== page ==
Oct 282014

Retirement Number and The Rule of 300

The common question that comes up when people think about retirement is how much money do you need to retire comfortably? This is sometimes known as the retirement number. It’s a dollar figure that essentially represents financial freedom. 🙂 It’s important to realize that there isn’t a precise answer to this question because the retirement number is a moving target that changes all the time. However there is a general guideline that many financial experts use. It’s called the rule of 300.


The rule works like this. Imagine how much your average monthly expenses would cost if you retired. Then multiply that number by 300. The answer represents how big your retirement nest egg should be before you retire. This idea works because it’s the inverse of the 4% rule. Retirement Number = Monthly Expense x 300

Yay! Now you know how to calculate your retirement number. 🙂 But it’s important to realize this number only points you in the general direction of your investment target. It may be even way off from how much you actually need to quit your job. But at least it gives you a starting point to knowing how much to stash away into a RRSP or 401(K).

Why is the Retirement Number important?

By having a rough estimate of your retirement number you can gauge how much longer you still need to save for retirement. There are plenty of retirement calculators on the internet that you can Google. Most of them require you to input some probable assumptions and then they give you a result. But the 3 main factors that determine when you will retire are…

  • Your current retirement savings (including all RRSP accounts and defined contribution pension balances.)
  • Your rate of savings per year.
  • Your expected rate of return on your investments (after inflation.)

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Sep 302013

Should we be paying off debt right now or investing? Simple question, but the answer can be complicated by our risk tolerance, retirement plans, and interest rates. But I have developed a system to help with this dilemma.

My proprietary solution is a set of simple equations that allow us to calculate what our financial situation will look like once we’re debt free if we stop making new investments today and use all our savings to pay off our debts.

I call it the Focus On Repaying Debt Or Don’t analysis. Or FORDOD, for short. The purpose is to take 4 financial variables, and use them to determine 3 important numbers that we can analyse.

The 4 variables we need are..
A: How much we can save each month ($) Includes any debt reduction eg: the principle portion of a monthly mortgage payment
B: Our total debts ($)
C: Our total assets ($)
D: Expected annual return on our assets (%)

Once we have those figures we can calculate the 3 important numbers. Their equations are as follows…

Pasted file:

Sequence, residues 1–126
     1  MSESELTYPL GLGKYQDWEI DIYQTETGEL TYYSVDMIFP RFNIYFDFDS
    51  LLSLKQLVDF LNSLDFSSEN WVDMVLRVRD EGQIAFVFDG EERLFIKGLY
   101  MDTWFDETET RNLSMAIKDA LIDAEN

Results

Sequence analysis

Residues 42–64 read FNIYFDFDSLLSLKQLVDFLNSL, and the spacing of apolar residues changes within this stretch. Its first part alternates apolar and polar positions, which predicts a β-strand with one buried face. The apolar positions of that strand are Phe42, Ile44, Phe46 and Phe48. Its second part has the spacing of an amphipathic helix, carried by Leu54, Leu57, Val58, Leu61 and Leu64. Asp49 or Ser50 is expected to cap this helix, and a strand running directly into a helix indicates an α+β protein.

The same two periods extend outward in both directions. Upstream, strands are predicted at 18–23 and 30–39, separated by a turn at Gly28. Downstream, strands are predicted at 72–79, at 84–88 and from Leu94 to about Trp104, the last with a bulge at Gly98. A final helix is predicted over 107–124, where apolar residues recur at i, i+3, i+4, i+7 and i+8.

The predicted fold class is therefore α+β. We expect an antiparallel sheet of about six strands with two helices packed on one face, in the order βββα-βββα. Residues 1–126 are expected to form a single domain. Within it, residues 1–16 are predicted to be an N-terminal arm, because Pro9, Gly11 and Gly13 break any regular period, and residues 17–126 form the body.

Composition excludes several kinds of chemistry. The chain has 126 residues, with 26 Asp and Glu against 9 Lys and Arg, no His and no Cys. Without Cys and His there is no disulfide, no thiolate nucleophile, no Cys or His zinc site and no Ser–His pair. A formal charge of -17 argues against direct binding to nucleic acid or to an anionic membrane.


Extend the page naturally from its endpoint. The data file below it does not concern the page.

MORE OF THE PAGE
1) Number of years to be debt free 😀 = B/(A*12)
Our Net Worth at the time we become debt free = C*(1+D)^B/(A*12)
4% of our assets once we’re debt free = 0.04*[C*(1+D)^B/(A*12)] This tells us if we can retire on our investments using the 4% Rule which is considered a sustainable rate of withdrawal from a retirement portfolio.

Don’t worry if you’re not a math person. There’s a form below you can use to plug in your numbers and get personalized instant results without doing any algebra 🙂 And by the end of this post I hope you’ll realize that although being debt free sounds pretty neat on paper, there’s often a hidden price that we have to pay for the safety and freedom of having no debt, which can cost us millions of dollars in the long run 😕


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Jan 122012

The provincial government is giving us the opportunity to balance its budget. This is normally the responsibility of the finance minister but now we can voice our opinions as well.
What a great idea. Unfortunately what I really want to see are the live results of everyone’s inputs because it’s not like they don’t have that data already. Maybe they’ll post it up later with the final numbers but I doubt it. Governments are not known to be transparent.

Even if you don’t submit your ideas you can learn how we’re being taxed, and where those tax dollars are being used on. I’m surprised how much of the pie health and education take up. Health supports the old, and education supports the young, no wonder the working age people are getting taxed so much. Perhaps we should look at alternatives to health and education in Canada. Right now it seems like the waiting list for just about anything is too long. Other developed nations like Switzerland for example, has a 2 tiered health care program so people can either wait for a long time to have an operation, or pay money for quicker treatment. I work at a post-secondary private school. Our students have higher rates of employment than traditional universities, despite students paying the same amount of tuition to graduate. More solutions like these will take the stress off our public system and boost the economy by creating supply where there is actually demand. But what’s good for the economy doesn’t necessarily benefit everyone. I doubt current health and education workers want to lose their jobs. I hope we can find a happy medium to balance the books. In the meantime, save, invest, and continue to take control of your own money.